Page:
Ladies in White

Posted on Tuesday, 12.11.12

Cuba cracks down on dissidents on Rights Day

Scores of Ladies in White and other dissidents were detained during the

Sunday crackdown.

By Juan O. Tamayo

Cuban police have detained more than 100 dissidents and put another 100

to 150 under house arrest in an island-wide crackdown to block any

gatherings marking International Human Rights Day on Monday, according

to government opponents.

Among those detained were about 80 members and supporters of the Ladies

in White, including dozens who were reportedly carted off roughly during

roundups in Havana and on their way to the Our Lady of Charity Basilica

in the eastern town of El Cobre.

Security agents also sealed off several homes in eastern Cuba to avert

gatherings of dissidents to mark the 60th anniversary of the Universal

Declaration of Human Rights, said Jose Daniel Ferrer Garcia, head of the

opposition Cuban Patriotic Union.

The U.S. government swiftly denounced the arrests, saying it was "deeply

concerned by the Cuban government's repeated use of arbitrary detention

and violence to silence critics, disrupt peaceful assembly and

intimidate independent civil society."

"We call on the Cuban government to end" the arrests and violence "and

we look forward to the day when all Cubans can freely express their

ideas," State Department spokesperson Victoria Nuland said Monday.

Cuban police and State Security agents usually round up scores of

dissidents on or before Dec. 10 each year to keep them from staging any

sort of events marking the day. The government critics are then released

after a few hours or days.

About 45 Ladies in White and 10 supporters were arrested in Havana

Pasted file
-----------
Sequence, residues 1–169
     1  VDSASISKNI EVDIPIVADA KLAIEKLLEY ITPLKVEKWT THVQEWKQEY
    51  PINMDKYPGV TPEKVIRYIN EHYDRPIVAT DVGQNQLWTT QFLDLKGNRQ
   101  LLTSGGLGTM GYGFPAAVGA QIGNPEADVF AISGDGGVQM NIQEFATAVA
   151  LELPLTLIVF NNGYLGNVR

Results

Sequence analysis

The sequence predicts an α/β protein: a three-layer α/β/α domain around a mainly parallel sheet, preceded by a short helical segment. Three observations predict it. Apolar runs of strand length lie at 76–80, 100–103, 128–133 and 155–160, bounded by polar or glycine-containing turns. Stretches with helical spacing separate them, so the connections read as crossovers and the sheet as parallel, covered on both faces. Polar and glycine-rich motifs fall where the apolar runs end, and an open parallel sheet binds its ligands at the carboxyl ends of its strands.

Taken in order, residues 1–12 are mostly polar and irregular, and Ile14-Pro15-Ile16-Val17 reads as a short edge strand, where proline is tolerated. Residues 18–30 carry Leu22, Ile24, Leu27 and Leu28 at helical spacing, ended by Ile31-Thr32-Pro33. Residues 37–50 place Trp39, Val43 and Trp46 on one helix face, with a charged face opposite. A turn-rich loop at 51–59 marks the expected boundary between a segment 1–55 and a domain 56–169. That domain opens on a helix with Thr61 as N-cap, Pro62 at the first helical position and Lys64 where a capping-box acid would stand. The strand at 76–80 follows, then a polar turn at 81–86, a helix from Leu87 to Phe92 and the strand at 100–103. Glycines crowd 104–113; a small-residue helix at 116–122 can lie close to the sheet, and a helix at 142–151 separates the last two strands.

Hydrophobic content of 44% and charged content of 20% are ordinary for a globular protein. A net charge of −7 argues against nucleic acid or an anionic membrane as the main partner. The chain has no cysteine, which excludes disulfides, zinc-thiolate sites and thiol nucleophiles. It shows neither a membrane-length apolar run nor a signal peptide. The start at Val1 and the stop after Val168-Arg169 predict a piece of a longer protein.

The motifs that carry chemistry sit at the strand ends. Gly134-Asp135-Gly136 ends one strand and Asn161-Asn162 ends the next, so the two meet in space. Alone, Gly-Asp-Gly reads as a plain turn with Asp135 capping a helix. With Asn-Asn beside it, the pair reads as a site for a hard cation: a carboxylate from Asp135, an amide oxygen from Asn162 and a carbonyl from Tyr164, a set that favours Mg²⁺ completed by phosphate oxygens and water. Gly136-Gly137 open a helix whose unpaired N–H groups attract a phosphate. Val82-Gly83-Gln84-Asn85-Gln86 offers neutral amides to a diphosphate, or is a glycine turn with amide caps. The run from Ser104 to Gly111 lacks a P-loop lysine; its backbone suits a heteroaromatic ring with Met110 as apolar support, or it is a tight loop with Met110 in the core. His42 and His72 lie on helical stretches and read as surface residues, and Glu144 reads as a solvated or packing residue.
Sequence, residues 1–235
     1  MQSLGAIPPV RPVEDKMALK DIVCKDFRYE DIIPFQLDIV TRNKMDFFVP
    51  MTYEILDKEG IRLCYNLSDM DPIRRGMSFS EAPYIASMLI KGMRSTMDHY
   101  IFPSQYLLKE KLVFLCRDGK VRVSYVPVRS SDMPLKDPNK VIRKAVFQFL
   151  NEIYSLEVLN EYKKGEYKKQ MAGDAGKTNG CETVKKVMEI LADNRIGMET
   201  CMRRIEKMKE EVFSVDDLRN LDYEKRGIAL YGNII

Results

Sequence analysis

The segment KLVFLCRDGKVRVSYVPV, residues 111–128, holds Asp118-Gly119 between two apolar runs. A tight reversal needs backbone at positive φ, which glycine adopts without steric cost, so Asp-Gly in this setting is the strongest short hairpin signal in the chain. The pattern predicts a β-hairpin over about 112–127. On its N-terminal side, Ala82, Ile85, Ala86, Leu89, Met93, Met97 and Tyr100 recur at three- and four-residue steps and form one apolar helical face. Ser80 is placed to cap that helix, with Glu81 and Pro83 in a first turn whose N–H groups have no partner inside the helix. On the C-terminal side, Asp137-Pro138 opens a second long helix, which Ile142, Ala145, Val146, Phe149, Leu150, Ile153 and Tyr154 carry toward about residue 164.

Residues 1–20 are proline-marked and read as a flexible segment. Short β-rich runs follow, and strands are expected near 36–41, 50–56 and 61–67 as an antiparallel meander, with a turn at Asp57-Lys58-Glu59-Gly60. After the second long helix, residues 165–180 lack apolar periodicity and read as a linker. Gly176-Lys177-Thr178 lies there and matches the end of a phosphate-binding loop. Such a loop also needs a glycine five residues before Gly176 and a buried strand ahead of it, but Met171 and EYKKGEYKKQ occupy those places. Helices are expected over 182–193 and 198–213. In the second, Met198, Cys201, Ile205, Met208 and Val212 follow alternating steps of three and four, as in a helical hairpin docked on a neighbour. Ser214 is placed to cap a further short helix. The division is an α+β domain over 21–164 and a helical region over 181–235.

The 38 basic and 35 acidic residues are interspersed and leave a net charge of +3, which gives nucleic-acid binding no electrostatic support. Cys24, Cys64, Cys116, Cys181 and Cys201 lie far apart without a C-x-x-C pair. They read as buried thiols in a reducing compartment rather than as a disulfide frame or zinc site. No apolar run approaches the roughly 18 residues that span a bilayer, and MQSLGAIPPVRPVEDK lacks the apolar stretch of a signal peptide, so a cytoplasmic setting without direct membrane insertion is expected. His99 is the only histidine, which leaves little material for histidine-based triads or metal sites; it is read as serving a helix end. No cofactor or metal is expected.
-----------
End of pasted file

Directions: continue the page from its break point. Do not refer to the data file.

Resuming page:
following their traditional march outside the Santa Rita church after

Sunday mass, said Elizardo Sanchez Santa Cruz, head of the Cuban

Commission for Human Rights and National Reconciliation.

The women usually are allowed to go home without incident after the

marches, but this weekend were harassed by government agents. When they

sat down in protest, police dragged them roughly to three waiting buses,

Sanchez said. Most were released by Sunday night.

Ferrer said another 34 Ladies in White and two young girls were

detained, 16 of them "with violence," over the weekend around eastern

Cuba as they tried to make their way to El Cobre to pray for human

rights. All had been freed as of noon Monday.

Police intercepted three more at the gates to the church on Sunday and

tried to seize two others already inside, Ferrer told El Nuevo Herald by

phone from his home in the nearby town of Palmarito de Cauto. But a

priest in the church protected the women and drove them home after the mass.

The Ladies in White, founded by the wives, daughters and mothers of

political prisoners, was awarded the European Parliament's Sakharov

Prize for Freedom of Thought in 2005. They wear white clothes and carry

pink gladiolas during their marches.

Another 20 male dissidents were taken into custody and held in police

lockups around eastern Cuba over the weekend, Ferrer added. Four were

confirmed to have been freed as of noon Monday but there was no word on

the fate of the others.

Sanchez added that police and state security agents also put between 100

and 150 dissidents under house arrest during the crackdown, but stressed

that he was still receiving new reports of arrests and releases as of

Monday evening.

A blog widely believed to be run by State Security agents, Yohandry's

Blog, claimed that police were forced to drag away the Havana Ladies in

White before civilians nearby could give them a "forceful reply" for

"failing to respect the pain of the Cuban people" over the health of

Venezuelan President Hugo Chávez.

Chávez announced Saturday that he was returning to Cuba for a fourth

round of surgery related to his fight with cancer. He arrived Monday.

The opposition group Express Art for Freedom, meanwhile, announced a

contest, open to island residents only, for the best Tweet regarding

International Human Rights Day. The winner, who will pick from among a

computer, a camera or a cellular telephone, will be announced after Dec. 23.

And in Spain, two Cuban groups marched to the Cuban embassy in Madrid on

Sunday to protest the detentions and demand the release of Sonia Garros

and Calixto Ramon Martinez, dissidents who have been jailed on the

island for several weeks.

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